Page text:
Questions to Ask in your Job Interview
Remember a job interview is meant to be a two way street, meaning that you need to find out as much about the role and the company as they need to find out about you and your experience. If you do get the job you will be spending a large amount of your time working for people at that company and being surrounded by their company culture. I am not saying you need to ask all of these questions in every interview but they are good to know for when you really want to know more about the company and the role.
Why did the last person leave this role and is there a high turnover of people in this position?
This will let you find out about how challenging the role is and also find out more about the company culture of the organization. High turnover is never a good sign for a company, while there is some exceptions like entry level sales roles that naturally have high turnover, finding out about the current employee practices is great to know. An example here could be the previous person being promoted internally within the organization which shows the company support of employee development. The more information you can find out the better prepared you can be to work there.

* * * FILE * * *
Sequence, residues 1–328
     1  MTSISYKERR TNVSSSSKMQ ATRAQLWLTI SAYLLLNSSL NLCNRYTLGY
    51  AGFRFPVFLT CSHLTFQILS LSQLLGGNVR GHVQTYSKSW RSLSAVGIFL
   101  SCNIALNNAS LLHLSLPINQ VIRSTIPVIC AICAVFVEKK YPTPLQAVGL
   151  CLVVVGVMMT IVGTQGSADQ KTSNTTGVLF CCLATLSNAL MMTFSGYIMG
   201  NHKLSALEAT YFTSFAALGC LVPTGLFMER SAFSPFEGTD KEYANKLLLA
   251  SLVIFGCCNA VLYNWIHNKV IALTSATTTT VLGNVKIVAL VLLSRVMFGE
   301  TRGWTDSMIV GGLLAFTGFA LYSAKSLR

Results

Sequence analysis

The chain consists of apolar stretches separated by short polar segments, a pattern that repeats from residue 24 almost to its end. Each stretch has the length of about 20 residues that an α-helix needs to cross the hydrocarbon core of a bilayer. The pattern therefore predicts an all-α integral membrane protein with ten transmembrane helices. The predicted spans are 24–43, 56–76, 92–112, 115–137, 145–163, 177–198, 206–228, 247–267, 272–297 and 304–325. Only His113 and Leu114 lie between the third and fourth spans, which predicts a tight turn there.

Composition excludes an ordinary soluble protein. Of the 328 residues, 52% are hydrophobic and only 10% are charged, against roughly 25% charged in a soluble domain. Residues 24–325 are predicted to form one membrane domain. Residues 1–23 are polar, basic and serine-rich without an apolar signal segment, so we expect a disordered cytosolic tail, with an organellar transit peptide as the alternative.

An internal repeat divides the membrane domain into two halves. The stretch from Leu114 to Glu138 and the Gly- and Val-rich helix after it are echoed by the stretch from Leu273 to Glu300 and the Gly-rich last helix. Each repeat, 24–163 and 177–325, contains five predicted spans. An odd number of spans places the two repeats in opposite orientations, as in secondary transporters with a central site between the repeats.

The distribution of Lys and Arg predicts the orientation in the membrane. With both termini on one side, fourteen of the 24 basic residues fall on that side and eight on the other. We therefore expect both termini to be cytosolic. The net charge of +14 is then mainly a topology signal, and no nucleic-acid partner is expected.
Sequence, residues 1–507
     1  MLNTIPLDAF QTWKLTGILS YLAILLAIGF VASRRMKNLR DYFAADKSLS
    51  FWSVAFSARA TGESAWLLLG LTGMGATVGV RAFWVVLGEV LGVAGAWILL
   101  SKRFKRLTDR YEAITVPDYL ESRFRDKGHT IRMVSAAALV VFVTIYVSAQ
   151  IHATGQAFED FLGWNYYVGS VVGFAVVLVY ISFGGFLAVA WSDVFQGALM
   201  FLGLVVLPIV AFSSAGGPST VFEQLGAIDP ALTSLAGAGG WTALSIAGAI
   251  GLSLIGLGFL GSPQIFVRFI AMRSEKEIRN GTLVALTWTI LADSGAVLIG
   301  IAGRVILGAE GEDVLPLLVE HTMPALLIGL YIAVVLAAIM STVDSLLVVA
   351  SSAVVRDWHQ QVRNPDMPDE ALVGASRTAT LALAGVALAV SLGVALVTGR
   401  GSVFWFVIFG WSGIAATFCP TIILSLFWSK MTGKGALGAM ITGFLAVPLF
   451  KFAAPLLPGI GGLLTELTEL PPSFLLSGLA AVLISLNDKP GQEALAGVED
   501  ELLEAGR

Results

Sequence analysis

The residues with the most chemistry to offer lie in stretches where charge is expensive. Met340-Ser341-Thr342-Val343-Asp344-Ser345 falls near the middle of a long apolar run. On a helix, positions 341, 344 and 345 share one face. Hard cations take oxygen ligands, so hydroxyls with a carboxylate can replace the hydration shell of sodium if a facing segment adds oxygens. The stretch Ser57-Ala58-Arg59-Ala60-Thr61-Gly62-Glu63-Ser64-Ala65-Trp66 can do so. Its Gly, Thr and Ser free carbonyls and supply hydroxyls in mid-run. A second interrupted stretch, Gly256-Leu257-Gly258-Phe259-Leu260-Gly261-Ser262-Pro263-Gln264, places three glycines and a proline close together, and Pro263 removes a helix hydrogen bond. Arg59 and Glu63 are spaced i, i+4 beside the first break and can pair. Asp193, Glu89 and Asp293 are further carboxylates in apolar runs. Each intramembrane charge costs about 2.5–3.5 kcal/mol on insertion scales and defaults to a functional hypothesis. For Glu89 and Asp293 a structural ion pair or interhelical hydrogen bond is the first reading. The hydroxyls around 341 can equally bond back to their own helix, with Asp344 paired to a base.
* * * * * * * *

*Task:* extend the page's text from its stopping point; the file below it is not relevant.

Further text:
What’s the biggest problem you are facing right now in that position?
Finding out what the expected work outcomes for the role is normally standard in the interview process however knowing what problems the company is having in getting to these outcomes is even better to know. For example for a business development role the company will always want increased revenue however knowing why they are having problems getting there is very helpful. An organization entering a new market or suffering from poor brand power or recovering from a downturn or reputational issue will dramatically affect how you will need to approach the role you are applying for.
How long have you been with the company?
I always like to know how long the person interviewing me has worked for the company and to try and get a sense of if they like working there. This is especially good if you are getting interviewed by your manager or a senior executive with the company. Getting an idea of who they are and if they really get satisfaction from working at the company will give you great insight to the company culture.
What do you see as my weaknesses in my application for this role.
This is a great question if you are not sure you have the “perfect resume” for the role. Getting these issues out in the open and giving you a chance to discuss them is much better then leaving them in the back of the mind of the employer. Have a realistic idea about what the employer will respond as weaknesses will also give you time to have well-crafted responses to alleviate their concerns.